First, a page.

State Employee Grant Program

2015 State Legislative Policy Briefs


►Advertising

►News Gathering & Reporting

►Taxes

►Other Issues


Advertising

   Political Broadcasting - General.  State political advertising restrictions or requirements do not make political advertising "better."  Often following a major political campaign year, legislators will introduce bills designed to curb a particular problem they encountered during their campaign, often relating to advertising.  This kind of legislation often conflicts with requirements that either candidates or broadcasters must meet under the political broadcasting sections of the Communications Act, and only adds to the already unacceptable level of confusion among candidates about what elements their spots must include.  In addition, they typically run afoul of the First Amendment protection given to political speech.  WSAB opposes these kinds of bills.

   General Advertising Content Restrictions.  It is not appropriate to make broadcasters liable for advertising violations by their advertisers or to make broadcasters the “advertising police.”  Very often, legislation intended to regulate a particular type of business will include a section defining what may and may not be said in advertising by such a business.  WSAB has never opposed restrictions that prohibit “false and misleading” advertising.  However, WSAB does oppose content specific restrictions which go beyond prohibiting “false and misleading” statements.  WSAB opposes any attempt to make broadcasters liable in the event that an advertiser’s announcement violates a substantive restriction.

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News Gathering & Reporting

      Closure of Government Agency Meetings & Limitations on Access to Government Agency Records.  Open public meetings and access to public records are the only way the public and its surrogate “government watchdog,” the press, have to make government accountable to the citizens.  In every legislative session there are more than a few bills introduced to restrict the public’s access to meetings of government agencies or to records kept by government agencies.  News reporters stand in the same shoes as the public.  Meetings of governing bodies of public agencies and the records created and held by government agencies are presumed to be open and available to the public.  Special interest groups continually try to exempt particular records from public scrutiny for their own private purposes; government agency governing bodies often seek to add to the existing list of reasons to close their meetings to the public.  WSAB reviews each proposed exemption to the Open Records Act and Open Meetings Act, and opposes those proposed exemptions that would prevent broadcast journalists from holding the government accountable for its actions.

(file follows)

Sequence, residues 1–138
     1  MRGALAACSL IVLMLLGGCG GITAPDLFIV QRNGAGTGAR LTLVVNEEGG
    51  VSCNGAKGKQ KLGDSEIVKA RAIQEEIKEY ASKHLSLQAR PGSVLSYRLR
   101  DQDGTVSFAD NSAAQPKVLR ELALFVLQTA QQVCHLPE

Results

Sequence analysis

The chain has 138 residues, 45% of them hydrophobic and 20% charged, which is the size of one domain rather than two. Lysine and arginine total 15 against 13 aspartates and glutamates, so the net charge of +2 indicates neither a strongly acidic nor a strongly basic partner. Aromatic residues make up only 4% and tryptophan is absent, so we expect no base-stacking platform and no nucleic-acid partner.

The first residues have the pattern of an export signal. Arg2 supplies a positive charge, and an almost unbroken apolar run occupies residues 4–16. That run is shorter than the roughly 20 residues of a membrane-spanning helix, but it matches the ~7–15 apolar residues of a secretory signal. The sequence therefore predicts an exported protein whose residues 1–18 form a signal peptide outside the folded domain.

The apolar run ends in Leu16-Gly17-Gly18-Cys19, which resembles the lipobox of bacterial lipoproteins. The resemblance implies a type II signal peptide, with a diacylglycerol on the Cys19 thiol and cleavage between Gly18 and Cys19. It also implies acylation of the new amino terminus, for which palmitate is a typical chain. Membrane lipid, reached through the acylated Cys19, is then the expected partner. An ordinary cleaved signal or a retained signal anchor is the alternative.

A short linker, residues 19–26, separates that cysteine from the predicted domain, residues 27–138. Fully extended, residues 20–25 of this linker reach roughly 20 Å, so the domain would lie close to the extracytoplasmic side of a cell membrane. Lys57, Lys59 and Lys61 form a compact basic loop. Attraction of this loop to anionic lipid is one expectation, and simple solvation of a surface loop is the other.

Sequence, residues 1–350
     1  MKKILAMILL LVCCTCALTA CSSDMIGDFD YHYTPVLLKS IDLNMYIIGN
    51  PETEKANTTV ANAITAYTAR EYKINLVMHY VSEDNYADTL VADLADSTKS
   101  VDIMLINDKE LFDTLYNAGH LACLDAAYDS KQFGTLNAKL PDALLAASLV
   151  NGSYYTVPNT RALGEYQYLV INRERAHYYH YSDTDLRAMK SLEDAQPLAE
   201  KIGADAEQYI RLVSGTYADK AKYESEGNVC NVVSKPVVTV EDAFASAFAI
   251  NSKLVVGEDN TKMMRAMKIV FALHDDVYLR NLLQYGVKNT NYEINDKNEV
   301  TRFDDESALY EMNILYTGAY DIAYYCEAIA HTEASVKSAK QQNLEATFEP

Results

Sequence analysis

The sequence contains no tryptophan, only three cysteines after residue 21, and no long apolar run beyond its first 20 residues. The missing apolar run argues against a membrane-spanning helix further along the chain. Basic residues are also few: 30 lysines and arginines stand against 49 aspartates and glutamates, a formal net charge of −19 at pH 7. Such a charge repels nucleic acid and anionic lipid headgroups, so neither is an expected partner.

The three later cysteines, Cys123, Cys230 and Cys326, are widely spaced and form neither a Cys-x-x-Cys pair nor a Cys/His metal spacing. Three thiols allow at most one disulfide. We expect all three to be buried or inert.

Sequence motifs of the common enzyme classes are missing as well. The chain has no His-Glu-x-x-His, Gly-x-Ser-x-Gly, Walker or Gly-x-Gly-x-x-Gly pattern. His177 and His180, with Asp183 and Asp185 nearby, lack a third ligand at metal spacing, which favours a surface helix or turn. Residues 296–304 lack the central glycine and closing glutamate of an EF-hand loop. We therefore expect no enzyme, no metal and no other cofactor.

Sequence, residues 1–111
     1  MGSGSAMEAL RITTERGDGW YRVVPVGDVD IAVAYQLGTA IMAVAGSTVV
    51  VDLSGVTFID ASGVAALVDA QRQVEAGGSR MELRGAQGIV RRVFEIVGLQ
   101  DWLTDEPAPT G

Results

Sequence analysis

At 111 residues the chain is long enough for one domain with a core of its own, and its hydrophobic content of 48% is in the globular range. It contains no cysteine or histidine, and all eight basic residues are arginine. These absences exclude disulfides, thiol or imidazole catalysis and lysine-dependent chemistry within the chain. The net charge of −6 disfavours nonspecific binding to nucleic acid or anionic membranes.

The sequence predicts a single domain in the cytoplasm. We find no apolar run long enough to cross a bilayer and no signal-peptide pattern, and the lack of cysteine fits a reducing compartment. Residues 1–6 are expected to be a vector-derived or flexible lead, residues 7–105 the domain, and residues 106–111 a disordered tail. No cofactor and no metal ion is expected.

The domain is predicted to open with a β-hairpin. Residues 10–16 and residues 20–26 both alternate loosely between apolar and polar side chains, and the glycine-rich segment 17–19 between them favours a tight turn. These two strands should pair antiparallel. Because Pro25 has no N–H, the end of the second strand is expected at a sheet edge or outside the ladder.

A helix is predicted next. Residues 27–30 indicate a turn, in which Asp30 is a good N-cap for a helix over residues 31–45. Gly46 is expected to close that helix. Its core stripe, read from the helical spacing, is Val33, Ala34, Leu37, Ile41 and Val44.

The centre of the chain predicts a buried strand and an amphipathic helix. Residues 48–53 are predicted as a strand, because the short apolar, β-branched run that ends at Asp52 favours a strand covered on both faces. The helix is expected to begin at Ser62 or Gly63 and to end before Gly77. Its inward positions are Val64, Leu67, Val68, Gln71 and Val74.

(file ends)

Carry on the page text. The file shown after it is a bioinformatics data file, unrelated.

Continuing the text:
Drones.  Drone legislation was vetoed by the Governor following the 2014 legislative session.  Legislation being developed by a task force will be introduced in 2015 to regulate the use of unmanned aerial vehicles (drones) by government agencies, both law enforcement and regulatory agencies.  Privacy concerns regarding the ability of drones to capture information about individuals without their knowledge or consent have been voiced by some.  Information in records collected by a government agency are public records.  The most significant issue for broadcasters is the ability to have access to video or other information collected by a government operated drone as a public record.  The Federal Aviation Administration rules will govern the use of drones by broadcast stations.